Jump to content

Is Microsoft really going to cut off security updates for my "unsupported" Windows 11 PC?


Recommended Posts

Excellent article and I am glad to see it from what I consider one of the most reliable tech writers on Windows anywhere, Ed Bott.

This week: Decoding Microsoft's confusing update policies, finding advanced 2FA options, and getting Google Fiber into your apartment building.

Excerpt:

"I've read that Microsoft says installing Windows 11 on an unsupported PC means it won't be entitled to receive updates in the future. If I do a clean install of Windows 11 on an incompatible PC, is my PC in danger of getting cut off from monthly security updates at some point in the future?

Have you ever heard of FUD? The acronym, short for "fear, uncertainty, and doubt," has been around a long time, but it was popularized in the 1970s as a way of describing how the giant IBM Corporation discouraged its customers from even considering competing products.

FUD is a classic marketing technique used when there's no good technical argument to make against the choice that the customer is contemplating. It's odd, though, to see an example like this, in which the giant Microsoft Corporation is using FUD to discourage customers from installing one of its own products.

The exact language in that warning is interesting:

Installing Windows 11 on this PC is not recommended and may result in compatibility issues. If you proceed with installing Windows 11, your PC will no longer be supported and won't be entitled to receive updates. Damages to your PC due to lack of compatibility aren't covered under the manufacturer warranty. [emphasis added]

This is, of course, the business-school version of "Gee, nice PC you got there. Be a shame if something happened to it." But it really doesn't say that Microsoft is going to cut off your access to updates; it simply says you're no longer "entitled" to those updates. That word is a tell on Microsoft's part, disclaiming legal responsibility without actually saying what it will do. In fact, it would require an awful lot of work on Microsoft's part to configure its update servers to reject requests from PCs based on such detailed configuration information. Doing so would run a risk of snagging customers with valid installations, and it would needlessly anger customers who were otherwise having a perfectly good experience with Windows 11.

Instead, that language is a way of convincing timid customers to retire those old PCs in favor of shiny new ones, thereby choosing the option that puts fresh revenue in the pockets of Microsoft and its OEM partners.

This sort of confusion isn't without precedent. Back in the days before Windows 10 launched, Windows skeptics were convinced that Microsoft was going to pull the rug out from updates based on some confusing language about the "supported lifetime of the device." The world's worst Windows pundit, in fact, was convinced Microsoft was going to start charging Windows 10 customers for updates within two years.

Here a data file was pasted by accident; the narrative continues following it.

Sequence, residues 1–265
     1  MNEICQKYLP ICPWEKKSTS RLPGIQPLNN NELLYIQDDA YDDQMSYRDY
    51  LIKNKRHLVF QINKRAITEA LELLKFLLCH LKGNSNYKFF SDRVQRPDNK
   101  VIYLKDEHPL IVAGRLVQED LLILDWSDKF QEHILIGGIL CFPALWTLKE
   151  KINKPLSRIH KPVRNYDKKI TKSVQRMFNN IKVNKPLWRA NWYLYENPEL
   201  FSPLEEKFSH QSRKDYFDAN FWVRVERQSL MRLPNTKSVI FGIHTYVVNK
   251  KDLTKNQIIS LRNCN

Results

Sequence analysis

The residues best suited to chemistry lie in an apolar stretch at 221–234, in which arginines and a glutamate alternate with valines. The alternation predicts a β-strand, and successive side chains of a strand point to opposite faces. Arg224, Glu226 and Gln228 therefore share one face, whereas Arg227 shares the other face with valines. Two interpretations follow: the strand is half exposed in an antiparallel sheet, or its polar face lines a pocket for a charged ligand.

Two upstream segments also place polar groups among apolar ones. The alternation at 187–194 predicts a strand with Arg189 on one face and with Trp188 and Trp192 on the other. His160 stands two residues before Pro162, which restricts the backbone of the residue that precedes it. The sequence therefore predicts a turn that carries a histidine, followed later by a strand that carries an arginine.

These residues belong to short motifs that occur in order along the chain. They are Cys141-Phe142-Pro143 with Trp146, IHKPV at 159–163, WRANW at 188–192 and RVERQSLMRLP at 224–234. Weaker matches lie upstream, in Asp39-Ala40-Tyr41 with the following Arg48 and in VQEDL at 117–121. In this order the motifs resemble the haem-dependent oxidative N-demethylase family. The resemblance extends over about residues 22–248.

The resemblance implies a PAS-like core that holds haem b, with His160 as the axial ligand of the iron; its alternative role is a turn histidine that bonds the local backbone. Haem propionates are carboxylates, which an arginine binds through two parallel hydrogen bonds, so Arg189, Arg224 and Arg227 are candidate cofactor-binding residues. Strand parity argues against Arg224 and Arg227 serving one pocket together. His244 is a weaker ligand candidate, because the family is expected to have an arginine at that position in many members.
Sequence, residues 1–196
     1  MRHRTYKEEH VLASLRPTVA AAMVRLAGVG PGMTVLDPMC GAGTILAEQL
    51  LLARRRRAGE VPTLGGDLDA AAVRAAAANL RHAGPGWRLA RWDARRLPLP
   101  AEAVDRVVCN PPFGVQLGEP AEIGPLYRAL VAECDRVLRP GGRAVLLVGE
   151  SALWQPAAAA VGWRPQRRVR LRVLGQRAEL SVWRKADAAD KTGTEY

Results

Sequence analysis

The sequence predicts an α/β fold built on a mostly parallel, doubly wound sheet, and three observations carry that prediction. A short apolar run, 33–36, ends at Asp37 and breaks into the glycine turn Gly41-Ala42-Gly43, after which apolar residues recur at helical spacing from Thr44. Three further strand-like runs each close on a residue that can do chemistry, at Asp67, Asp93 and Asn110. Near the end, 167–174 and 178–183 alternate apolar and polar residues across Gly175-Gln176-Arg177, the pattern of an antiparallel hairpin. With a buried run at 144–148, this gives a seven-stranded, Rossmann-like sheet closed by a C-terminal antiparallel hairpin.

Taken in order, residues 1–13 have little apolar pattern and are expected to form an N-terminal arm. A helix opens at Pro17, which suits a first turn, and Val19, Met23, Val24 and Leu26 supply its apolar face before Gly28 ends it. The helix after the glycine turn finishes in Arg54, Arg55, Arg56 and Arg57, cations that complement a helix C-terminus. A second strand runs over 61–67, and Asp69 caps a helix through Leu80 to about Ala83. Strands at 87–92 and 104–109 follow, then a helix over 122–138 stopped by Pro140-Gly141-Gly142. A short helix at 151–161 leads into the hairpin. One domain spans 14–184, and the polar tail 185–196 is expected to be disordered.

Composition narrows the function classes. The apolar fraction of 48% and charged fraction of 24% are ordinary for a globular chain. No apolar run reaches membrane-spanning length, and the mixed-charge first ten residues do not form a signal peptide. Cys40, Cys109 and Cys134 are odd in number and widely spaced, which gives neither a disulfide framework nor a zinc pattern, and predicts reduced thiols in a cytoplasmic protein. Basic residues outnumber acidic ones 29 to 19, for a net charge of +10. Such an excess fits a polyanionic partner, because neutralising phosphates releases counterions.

That turned out to be a false alarm, for all the same reasons I outlined in this case.

It's possible, of course, that some future Windows update will cause performance and reliability issues on older PCs, but the idea that Microsoft will punish its customers for following a documented upgrade deployment procedure is, in my opinion, highly unlikely."

More in the article here:

https://www.zdnet.com/article/is-microsoft-really-going-to-cut-off-security-updates-for-my-unsupported-windows-11-pc-ask-zdnet/?ftag=TRE-03-10aaa6b&bhid={%24external_id}&mid={%24MESSAGE_ID}&cid={%24contact_id}&eh={%24CF_emailHash}

 

Link to comment
Share on other sites

46 minutes ago, RV_ said:

Instead, that language is a way of convincing timid customers to retire those old PCs in favor of shiny new ones, thereby choosing the option that puts fresh revenue in the pockets of Microsoft and its OEM partners.

Derik,

Very insightful article IMO. Thank you!

It reminds me of the Windows 8 roll-out.  Marketing was pushing for a unified user interface for Windows on PCs, tablets and phones.  Most individual users and enterprises were pushing back and unhappy with the implementation.  Marketing apparently convinced the highest level MS execs that, although there might be a bumpy road in establishing a unified user interface, a successful transition would be transformational. In the end, the unified single interface proved more disruptive than advantageous.  And the fix was a purge, primarily in marketing.

The current Windows 11 trajectory seems similar, and I suspect the resultant fix will be too.

Link to comment
Share on other sites